Putin in ‘desperate situation’ as Russian army ‘running out’ of ammunition: British spy chief

Russian President Vladimir Putin may now face a “desperate situation” in the war in Ukraine as his army runs out of ammunition, a British spy chief said on Tuesday.

Speaking to the Royal United Services Institute, Jeremy Fleming, head of Britain’s Government Communications Headquarters (GCHQ), also said that Putin was making “strategic errors of judgment,” citing his decision to mobilize prisoners and inexperienced conscripts to help Moscow’s number to strengthen the war.

“The gear is amazing. We know, and Russian military commanders know, that their supplies and ammunition are running low,” Fleming said. “Russia’s armed forces are exhausted. The use of prisoners as reinforcements and now the mobilization of tens of thousands of inexperienced conscripts speak to a desperate situation.”

Despite his assessment, Fleming said Britain would not dismiss Russia’s threat, adding that Moscow proved it still had a “very capable military machine” when it attacked dozens of Ukrainian cities on Monday, killing 14 Ukrainian civilians.

In the first months of the invasion, the Russian army captured large areas to the east and south, including Zaporizhia, Kherson, Kharkiv, Donetsk and Luhansk. However, a fierce counter-offensive by the Ukrainian army in late August has forced Russian troops to flee many occupied areas, leaving behind so many weapons and ammunition that Kyiv has been struggling with, an unnamed Ukrainian soldier with the call sign Birdie told The Telegraph.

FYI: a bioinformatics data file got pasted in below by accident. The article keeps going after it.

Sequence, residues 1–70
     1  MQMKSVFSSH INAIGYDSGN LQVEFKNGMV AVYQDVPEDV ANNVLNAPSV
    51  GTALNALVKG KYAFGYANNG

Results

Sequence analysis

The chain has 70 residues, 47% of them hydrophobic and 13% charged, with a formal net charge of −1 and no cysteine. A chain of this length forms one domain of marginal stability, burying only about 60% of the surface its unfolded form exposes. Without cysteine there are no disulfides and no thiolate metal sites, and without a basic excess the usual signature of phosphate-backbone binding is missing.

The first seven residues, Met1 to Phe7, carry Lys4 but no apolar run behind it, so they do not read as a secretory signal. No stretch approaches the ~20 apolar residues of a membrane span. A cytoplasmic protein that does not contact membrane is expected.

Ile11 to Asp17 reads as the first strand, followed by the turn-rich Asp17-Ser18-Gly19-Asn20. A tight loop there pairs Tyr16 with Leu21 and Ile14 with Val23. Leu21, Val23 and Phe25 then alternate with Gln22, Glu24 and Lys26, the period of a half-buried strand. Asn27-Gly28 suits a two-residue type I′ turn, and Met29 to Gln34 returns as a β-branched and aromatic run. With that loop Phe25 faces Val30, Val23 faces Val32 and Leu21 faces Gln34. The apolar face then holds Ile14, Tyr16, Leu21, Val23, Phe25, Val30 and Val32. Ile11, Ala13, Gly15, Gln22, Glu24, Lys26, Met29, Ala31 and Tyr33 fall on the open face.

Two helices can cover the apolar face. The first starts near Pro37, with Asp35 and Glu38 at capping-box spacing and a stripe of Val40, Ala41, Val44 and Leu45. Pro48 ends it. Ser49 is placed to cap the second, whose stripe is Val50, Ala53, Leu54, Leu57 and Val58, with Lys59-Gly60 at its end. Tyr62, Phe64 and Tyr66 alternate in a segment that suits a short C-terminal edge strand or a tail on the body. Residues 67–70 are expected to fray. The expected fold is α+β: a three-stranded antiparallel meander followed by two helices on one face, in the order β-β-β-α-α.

“They left behind a huge amount of vehicles and ammunition. We couldn’t transport everything to the rear or evacuate,” the soldier told the news agency.

In addition to ammunition, Russian military units that fled Kharkiv Oblast in early September left working tanks, armored vehicles and howitzers in their wake. The equipment left behind was then used by the Ukrainian army to advance further into the Donbass region, according to The Wall Street Journal.

Fleming’s assessment comes as the war stretches into its eighth month. Since February, the Russian army has lost 63,110 soldiers, 2,504 tanks, 5,162 armored fighting vehicles, 1,496 artillery systems and 3,916 vehicles and fuel tanks in combat, according to estimates by the Ministry of Defense of Ukraine.

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Fry Electronics Team

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